Bet on Sports
How to bet on Sports
June 12th, 2020
Visiting a land-based or an online casino is a form of entertainment. Both enterprises have significant overheads, so they need to make a profit to exist. Once we get over this reality, we begin to accept there must always be a house edge, and that it’s a small price to pay for a heap of fun.
The house edge is the name given to the percentage a casino will win over the long-term in a particular game. In blackjack, the house edge over an inexperienced player is around 2%.
What does that mean? Well, in simple terms, you can say that for every $100 you bet in blackjack, you’ll lose $2. Of course, there are wild short-term swings. You might finish a session a couple of hundred bucks up, or you might have a bad streak and lose $50 in a matter of hands.
However, in the long term, statistically, the blackjack house edge percentage stands at 2%.
Say what? That’s right, you can bring the blackjack house edge down to around only 0.5%, but it means following a solid blackjack strategy. By knowing when to double down or split, or having a better understanding of when to stand, you will significantly improve your chances of winning.
Learning a strategy is no hardship, and there are charts you can print out that tell you the optimum play in just about every situation.
At 0.5%, the house edge for blackjack is one of the lowest profit margins of any game in the casino (except, maybe, some video poker games). However, the management loves to keep the blackjack tables full because so many customers show up for fun and don’t grasp basic strategy. They will take another card when they should stand, or they won’t see the need to double down even if their first two cards total 11.
The blackjack house edge with basic strategy is there to take – you need to read up a little first.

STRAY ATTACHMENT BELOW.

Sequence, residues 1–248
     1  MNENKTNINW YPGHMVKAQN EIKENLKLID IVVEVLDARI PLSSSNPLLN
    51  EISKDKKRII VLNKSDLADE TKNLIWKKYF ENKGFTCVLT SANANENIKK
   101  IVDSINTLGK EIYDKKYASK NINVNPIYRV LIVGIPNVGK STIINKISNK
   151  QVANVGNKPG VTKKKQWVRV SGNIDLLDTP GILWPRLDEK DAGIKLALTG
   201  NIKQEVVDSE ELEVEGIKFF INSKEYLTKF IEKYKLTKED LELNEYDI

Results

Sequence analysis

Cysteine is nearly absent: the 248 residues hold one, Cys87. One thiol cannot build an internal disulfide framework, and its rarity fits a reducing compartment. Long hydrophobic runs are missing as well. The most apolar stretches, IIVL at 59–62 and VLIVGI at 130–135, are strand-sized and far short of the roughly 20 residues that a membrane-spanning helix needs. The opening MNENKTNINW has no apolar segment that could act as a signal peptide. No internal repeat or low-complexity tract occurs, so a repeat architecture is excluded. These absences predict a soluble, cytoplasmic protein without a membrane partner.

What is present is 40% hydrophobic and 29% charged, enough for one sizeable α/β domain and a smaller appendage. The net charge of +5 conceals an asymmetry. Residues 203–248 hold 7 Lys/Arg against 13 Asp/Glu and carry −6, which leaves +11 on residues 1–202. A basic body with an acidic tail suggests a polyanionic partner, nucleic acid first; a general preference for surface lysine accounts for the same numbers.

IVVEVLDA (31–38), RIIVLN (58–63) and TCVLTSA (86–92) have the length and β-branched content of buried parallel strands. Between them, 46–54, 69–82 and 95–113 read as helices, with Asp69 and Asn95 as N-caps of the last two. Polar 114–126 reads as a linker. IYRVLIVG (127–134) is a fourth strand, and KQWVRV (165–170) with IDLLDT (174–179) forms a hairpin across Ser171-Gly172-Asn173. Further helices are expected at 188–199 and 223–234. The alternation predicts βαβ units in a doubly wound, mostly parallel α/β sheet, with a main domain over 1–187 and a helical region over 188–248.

The key advantage for the dealer is that the player acts first. Often, the player will bust, losing his stake, without the dealer having to do a thing. If the player stands, the dealer still has a chance of winning the hand.
However, variations in game rules (you can find several different types of blackjack in any casino), can swing the house edge even further in the house’s favor.
Take note of the number of decks, for example. The single-deck blackjack strategy house edge is a little lower (around 0.25% lower) than games with multiple decks. That’s mainly because it’s easier for the players to keep track of the number of high or picture cards in play. We should note that card counting is frowned upon, but you can make more accurate guesses of what the next card might be.
Another rule that can change the odds is whether the dealer has to take another card on soft 17. If not, there may be times when the dealer standing on 17 wins him the hand. Other rules include whether you can double down after a split. If you can, the house edge falls by around 0.15%.
Does your blackjack game allow you to surrender, which means giving up your hand without taking another card? You get half your stake back, and this can be a beneficial play for the player.
Finally, check the game’s odds for hitting blackjack. Traditionally, the casino pays out 3-to-2 for a blackjack, so if you wager $10 and hit blackjack, you get $15 back. However, some games in some casinos offer a miserly 6-to-5 return for blackjack. You can see how that hits a player’s bottom line.
While we’ve seen that some rule variations will reduce the blackjack house edge, the most significant way to save some of your losses is by learning a basic strategy.
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